Hoopster a quick study
Lauren Audino has had meteoric rise through the basketball ranks.
Despite only starting the sport in Grade 7, the Grade 9 student at Notre Dame was recently selected to play for the Team Ontario under-15 squad. Last season, she made the provincial under-14 team.
At 6-foot-2, the Welland resident is proof of the old adage that you can’t teach height. But what you can teach is basketball skills and the 14-year-old has been an excellent student ever since Pelham coach Age Mete chose her for his under-13 team when she was in Grade 7.
“Agi picked her just because of her height, she was coachable and she listened,” Lauren’s mother Terry said. “She sat on the bench until January, then we got her into Mihai (Raducanu of No Limit Performance) and she got herself better.”
Lauren has no illusions what kind of player she was at the beginning.
“I couldn’t dribble or do anything but I thought I would try it,” she said. “I started playing, developed pretty quickly and my friends helped me.”
No one helped more at the start than Raducanu.
“He taught me a lot of skills, especially rebounding, and that’s what I am known for,” she said.
She fit right in with Raducanu’s no nonsense approach.
“I can take constructive, hard criticism because I feel it helps me get better,” Lauren said. “It was hard, but we had a connection.”
Early in her first season with Pelham, she was on in the final five minutes of games that were already decided, but by the time the OBAs (provincial championships) rolled around, she was a starter.
Last year, she was a key member of the Pelham under-14 squad that made it to Division 1 of the OBAs. And as her basketball skills skyrocketed, so did her height.
“She grew six inches from the time she started the season until she played in the OBAs (provincial championships),” Terry said. “By the end of the season, it looked like she was wearing little, short shorts.”
Last spring, she tried out for the provincial under-14 team on a whim and surprised herself by making the squad.
“It was awesome to see the different coaching style from Gord Everett and it was great to meet the girls because we are all like-minded,” she said. “We all really want basketball so it was a great experience.”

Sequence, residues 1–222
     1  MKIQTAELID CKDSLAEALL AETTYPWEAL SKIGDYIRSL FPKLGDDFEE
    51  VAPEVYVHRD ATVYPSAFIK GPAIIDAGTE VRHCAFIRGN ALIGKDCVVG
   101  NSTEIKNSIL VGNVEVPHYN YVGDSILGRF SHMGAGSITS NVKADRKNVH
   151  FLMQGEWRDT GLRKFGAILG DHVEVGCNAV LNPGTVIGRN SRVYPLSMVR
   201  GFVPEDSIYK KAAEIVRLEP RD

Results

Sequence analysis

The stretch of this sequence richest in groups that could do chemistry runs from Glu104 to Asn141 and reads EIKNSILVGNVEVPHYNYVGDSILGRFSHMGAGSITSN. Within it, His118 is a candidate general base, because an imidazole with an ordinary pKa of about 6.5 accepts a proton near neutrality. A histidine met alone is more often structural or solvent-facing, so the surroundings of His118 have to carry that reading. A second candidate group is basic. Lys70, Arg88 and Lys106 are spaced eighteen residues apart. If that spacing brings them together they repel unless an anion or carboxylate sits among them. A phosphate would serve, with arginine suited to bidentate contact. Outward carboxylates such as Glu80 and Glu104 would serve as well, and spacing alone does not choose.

With Team Ontario, her post work improved dramatically with the help of an Ontario assistant coach and playing against bigger girls in American tournaments.
Lauren, who was part of Notre Dame’s Southern Ontario Secondary Schools Association junior girls championship basketball team last fall, wasn’t taking anything for granted at this year’s Ontario tryouts,
“I wasn’t confident because I never assume anything or that I am going to make it again,” she said. “There could be another girl who is a crazy, awesome player who comes in and takes my spot.
“I felt really good with how I played at tryouts and they ended up keeping almost the same team.”
This season, Lauren played for the Welland Warriors under-16 travel basketball team that played games in United States and had a number of exhibition games versus Ontario Scholastic Basketball Association teams.
The Welland under-16 squad went undefeated in the under-19 division at the recent Blessed Sacrament tournament and will be a hard team to beat at the upcoming Basketball Ontario championships
Leading up to the national championships, Lauren and her teammates will attend plenty of training camps and compete in tournaments in Montreal, Chicago and Washington.
She can’t wait to try and win a national title with her Ontario teammates.
“Last year, the girls won so we have to hold up that title. I am so, so excited,” she said.
This fall, Lauren is planning to move to A.N. Myer and be a part of the District School Board of Niagara’s OSBA team.
“I want to take basketball far and the OSBA team will help me get there,” she said.
She has above-the-rim hopes for her basketball future.
“It’s a big dream, but I want to go to university, hopefully on a basketball scholarship and an academic scholarship because I have pretty good grades.”
Pretty good is an understatement considering she has a 95 per cent average despite her busy basketball schedule.
‘It’s easy for me because I am a pretty good student and I get most of my work done in class,” Lauren said. “And if I have homework, I do it before basketball practice. I make it work.”
She loves everything about the sport and it never feels like work.
“It’s the adrenaline rush you get when you are on the court and the hard work you put into it,” she said.